Australian PM Flags Vaccination Plan for Those Who Want to Travel

May 17, 2021 Updated: May 18, 2021

Australian Prime Minister Scott Morrison has said that he wants to see fully vaccinated people not be subject to any domestic CCP virus restrictions put in place by state and territory governments as part of a roadmap to more travel freedoms.

The prime minister noted that opening and closing the borders for unrestricted travel couldn’t be done like flipping a switch, describing it instead as a “sliding scale” that will be moved through incrementally.

“We won’t be taking decisions that put Australians’ lives and livelihoods at risk,” Morrison said on May 17. “We will be doing it cautiously; we will be working closely with states and territories on innovative ways to keep the borders safe but at the same time address some of these other needs that are there.”

Some of those needs include finding a “managed and safe” way to begin bringing back “who we need to come into the country,” such as international students or specialist workers, including seasonal agricultural and horticultural workers, Morrison said. Seasonal workers are already flying in from Pacific Island nations to fill the gap in the sector.

Morrison has his eyes on Singapore for a potential second international travel bubble like the one with New Zealand but noted that recent restrictions in Singapore mean that it is “some way off.”

Push to Let Virus into Australia

The prime minister’s comments come as at least two medical bureaucrats, some politicians, and business leaders have pushed for Australians to learn to live with COVID-19, the disease caused by the CCP (Chinese Communist Party) virus.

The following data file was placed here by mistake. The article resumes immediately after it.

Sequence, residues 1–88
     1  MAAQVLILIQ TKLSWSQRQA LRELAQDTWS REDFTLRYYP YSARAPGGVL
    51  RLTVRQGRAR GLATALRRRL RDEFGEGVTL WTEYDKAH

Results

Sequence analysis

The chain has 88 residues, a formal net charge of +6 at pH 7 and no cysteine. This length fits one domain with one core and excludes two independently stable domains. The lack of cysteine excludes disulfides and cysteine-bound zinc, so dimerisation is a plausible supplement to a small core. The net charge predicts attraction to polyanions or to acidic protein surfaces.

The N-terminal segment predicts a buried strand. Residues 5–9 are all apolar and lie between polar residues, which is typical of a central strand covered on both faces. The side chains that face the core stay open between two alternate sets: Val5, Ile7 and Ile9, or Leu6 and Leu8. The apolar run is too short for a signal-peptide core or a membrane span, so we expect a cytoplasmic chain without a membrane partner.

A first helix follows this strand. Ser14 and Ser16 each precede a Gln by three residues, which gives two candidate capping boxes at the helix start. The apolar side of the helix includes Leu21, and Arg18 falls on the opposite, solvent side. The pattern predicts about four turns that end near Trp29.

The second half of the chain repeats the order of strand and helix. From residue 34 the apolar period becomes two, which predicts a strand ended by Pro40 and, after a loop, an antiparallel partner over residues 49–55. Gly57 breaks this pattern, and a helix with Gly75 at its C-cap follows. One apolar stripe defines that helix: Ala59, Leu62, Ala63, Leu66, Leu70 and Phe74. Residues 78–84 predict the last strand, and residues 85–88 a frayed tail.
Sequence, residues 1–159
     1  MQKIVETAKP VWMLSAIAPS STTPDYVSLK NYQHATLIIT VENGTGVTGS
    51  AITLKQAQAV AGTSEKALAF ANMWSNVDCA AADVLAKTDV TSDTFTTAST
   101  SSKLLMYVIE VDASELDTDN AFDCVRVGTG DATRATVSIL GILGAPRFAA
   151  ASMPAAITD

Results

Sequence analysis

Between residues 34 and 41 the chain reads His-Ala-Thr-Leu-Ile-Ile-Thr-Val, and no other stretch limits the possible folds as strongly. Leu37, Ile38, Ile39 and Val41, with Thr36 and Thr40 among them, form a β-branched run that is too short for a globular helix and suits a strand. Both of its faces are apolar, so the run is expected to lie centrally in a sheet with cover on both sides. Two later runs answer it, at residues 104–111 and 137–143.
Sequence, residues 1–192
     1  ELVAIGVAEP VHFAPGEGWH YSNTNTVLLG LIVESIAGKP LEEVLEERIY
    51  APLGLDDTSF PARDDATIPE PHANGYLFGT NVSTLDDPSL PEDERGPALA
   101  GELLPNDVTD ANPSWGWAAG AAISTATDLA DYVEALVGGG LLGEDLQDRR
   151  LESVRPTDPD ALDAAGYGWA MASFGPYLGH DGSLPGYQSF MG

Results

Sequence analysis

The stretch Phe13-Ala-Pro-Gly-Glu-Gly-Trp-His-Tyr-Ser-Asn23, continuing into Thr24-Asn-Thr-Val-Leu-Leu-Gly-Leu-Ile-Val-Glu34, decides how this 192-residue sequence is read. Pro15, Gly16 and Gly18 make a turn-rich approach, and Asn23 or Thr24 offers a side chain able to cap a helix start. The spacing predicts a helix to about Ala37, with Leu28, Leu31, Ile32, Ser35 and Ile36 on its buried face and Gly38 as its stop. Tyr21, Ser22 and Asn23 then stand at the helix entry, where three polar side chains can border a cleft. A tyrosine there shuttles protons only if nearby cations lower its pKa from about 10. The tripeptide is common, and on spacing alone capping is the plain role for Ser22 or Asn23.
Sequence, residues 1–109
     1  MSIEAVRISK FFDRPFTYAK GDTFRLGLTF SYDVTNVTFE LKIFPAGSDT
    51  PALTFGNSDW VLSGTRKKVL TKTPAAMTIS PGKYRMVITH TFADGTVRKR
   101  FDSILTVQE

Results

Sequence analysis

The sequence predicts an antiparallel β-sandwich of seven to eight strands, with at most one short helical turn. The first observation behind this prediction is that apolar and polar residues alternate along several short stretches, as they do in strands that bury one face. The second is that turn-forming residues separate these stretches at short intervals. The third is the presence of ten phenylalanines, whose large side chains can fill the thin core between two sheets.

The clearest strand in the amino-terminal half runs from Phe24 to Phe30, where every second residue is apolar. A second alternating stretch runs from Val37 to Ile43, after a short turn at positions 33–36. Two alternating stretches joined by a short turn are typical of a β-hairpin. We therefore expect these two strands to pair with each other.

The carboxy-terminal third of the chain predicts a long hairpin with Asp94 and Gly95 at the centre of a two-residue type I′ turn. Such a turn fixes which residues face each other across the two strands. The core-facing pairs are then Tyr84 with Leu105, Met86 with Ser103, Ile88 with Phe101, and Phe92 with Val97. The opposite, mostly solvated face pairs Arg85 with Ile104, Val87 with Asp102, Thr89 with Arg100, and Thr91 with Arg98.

Victorian Chief Health Officer Brett Sutton told healthcare workers at a private seminar in April that Australia should not pursue a CCP virus elimination strategy but instead prepare the public to accept that community transmission will occur even when enough are vaccinated and international borders reopen.

This was echoed by the former deputy chief medical officer, Dr Nick Coatsworth, who on May 13 warned that Australians have to come to terms with the fact the nation cannot ride out the pandemic “in an eliminationist bunker,” likening an elimination strategy as the pursuit of a “false idol.”

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A general view of the NSW Health Vaccination Centre in Sydney Olympic Park in Sydney, Australia, on May 10, 2021. (Mark Kolbe/Getty Images)

Treasurer Josh Frydenberg on May 15, said he agreed with Coatsworth that Australia should not pursue the “false idol” of eradicating the CCP virus. “We are not pursuing an [COVID-19] elimination strategy … you can’t eliminate the virus,” Frydenberg said.

Virgin Australia CEO Jayne Hrdlicka echoed these sentiments on May 17, telling a business leader’s forum at the Queensland University of Technology, “We can’t keep (COVID) out forever.”

Hrdlicka said the borders need to open once an appropriate rate of vaccination is achieved, for the sake of the economy and health, arguing that otherwise, Australians would be “sicker than we ever have been in the past because we’re not exposed to the viruses and challenges that the rest of the world is dealing with.”

“It will make us sick but won’t put us into hospital. Some people may die, but it will be way smaller than the flu,” she said.

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People sit waiting for their AstraZeneca COVID-19 vaccine at the Claremont Showgrounds Covid-19 Vaccination Clinic in Perth, Australia, on May 3, 2021. (Paul Kane/Getty Images)

The Australian reported that Northern Territory Chief Minister Michael Gunner said he’s open to removing restrictions once herd immunity is achieved.

“COVID is here to stay, and at some point, it will either get into Australia, or we will have to let it in after having achieved a herd immunity target,” Gunner said. “The challenge is to get to that point where we live with the virus without it first causing the devastation the Spanish flu did.”

The federal government has indicated that it doesn’t expect international travel to resume until mid-2022.

Follow Caden on Twitter: @cadenpearson